This tool can work out how often your company will be hit by insider attacks
Size, sector and employee welfare all used as factors of email-based intrusion
Organisations in the process of assessing their cyber security defences have been given a new tool that claims to calculate the risk of sustaining an email-based attack.
The Insider Breach Calculator, launched today by Egress, calculates how many potential breaches a business may expect to sustain by feeding factors such as employee email habits and mood into an algorithm. These factors include the number of employee inboxes and the industry they work, as well as the perceived stress level and fatigue level of workers between zero and ten.
When the figures are plugged in, the results are tallied and presented as the estimated number of emails sent per week and per year, and how many potential breaches an organisation may sustain during those periods.
This fictional local government agency with 500 mailboxes could face over 10,000 incidents per year
These results can then be broken down by the proportion of accidental versus malicious incidents, as well as the leading potential causes for each category. The explanations provided span employees clicking on a malicious phishing link to employees sharing data to personal systems.
"Every organisation knows that it is leaking data in one way or another, yet we find there is a bit of a 'head-in-the-sand' mentality where the insider breach is concerned," said Egress CTO Neil Larkins.
"With an average of 60 emails sent every day by one individual within an organisation, the chances of employees accidentally leaking data, continues to grow exponentially. This is before we even consider intentional and malicious leaks, as well as 'forced errors' caused by sophisticated phishing attacks.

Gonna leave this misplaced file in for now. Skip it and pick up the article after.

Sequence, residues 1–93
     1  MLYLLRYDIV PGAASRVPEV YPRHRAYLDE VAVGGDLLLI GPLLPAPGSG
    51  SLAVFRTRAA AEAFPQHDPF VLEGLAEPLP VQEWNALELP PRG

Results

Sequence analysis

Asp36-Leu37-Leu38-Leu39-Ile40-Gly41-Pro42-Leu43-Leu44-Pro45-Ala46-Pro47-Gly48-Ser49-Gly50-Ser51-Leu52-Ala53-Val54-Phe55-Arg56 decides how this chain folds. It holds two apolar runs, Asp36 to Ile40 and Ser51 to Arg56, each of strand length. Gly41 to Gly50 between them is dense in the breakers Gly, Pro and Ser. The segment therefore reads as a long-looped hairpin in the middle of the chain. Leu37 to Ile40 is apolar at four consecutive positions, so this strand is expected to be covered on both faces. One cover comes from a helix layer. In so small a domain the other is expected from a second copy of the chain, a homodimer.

Based on calculations, a small business in the telecoms sector with 100 employees that are moderately fatigued and stressed (five out of ten) could suffer as many as 5,288 potential breaches in 12 months.
When broken down further, the most likely cause of an accidental breach is employees unaware of information that shouldn't be shared, while the most likely cause of a malicious breach would be employees leaking data to a competitor.
A large telecoms business of 2,000 employees under the same pressures, by contrast, would suffer more than 35,000 potential breaches within 12 months.
Meanwhile, a hypothetical NHS organisation with 6,000 employees under maximum stress and fatigue will likely suffer 131,914 potential breaches in just one year, equivalent to 361 breaches per day. The weight placed on employee welfare is significant, with the same workplace sustaining only 94,224 potential breaches when its hypothetical staff are under no stress or fatigue.
Research has shown that one of the biggest factors in cyber risk are employee-based intrusions, with 89% of risks now internal. Moreover, 48% of businesses will experience at least one security incident each year as a result of unintentional employee action.
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